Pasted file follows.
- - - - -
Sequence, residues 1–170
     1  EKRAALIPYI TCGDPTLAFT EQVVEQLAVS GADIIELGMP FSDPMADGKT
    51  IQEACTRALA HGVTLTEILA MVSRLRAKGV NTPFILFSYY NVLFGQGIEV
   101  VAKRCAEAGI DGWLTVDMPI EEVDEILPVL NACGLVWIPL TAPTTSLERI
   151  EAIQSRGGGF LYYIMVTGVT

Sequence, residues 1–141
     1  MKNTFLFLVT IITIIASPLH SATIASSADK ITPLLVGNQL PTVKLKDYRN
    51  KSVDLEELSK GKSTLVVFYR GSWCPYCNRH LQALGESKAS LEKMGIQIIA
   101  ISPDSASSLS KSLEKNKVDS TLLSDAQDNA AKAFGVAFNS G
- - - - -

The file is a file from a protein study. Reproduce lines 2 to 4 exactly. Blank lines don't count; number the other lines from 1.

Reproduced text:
     1  EKRAALIPYI TCGDPTLAFT EQVVEQLAVS GADIIELGMP FSDPMADGKT
    51  IQEACTRALA HGVTLTEILA MVSRLRAKGV NTPFILFSYY NVLFGQGIEV
   101  VAKRCAEAGI DGWLTVDMPI EEVDEILPVL NACGLVWIPL TAPTTSLERI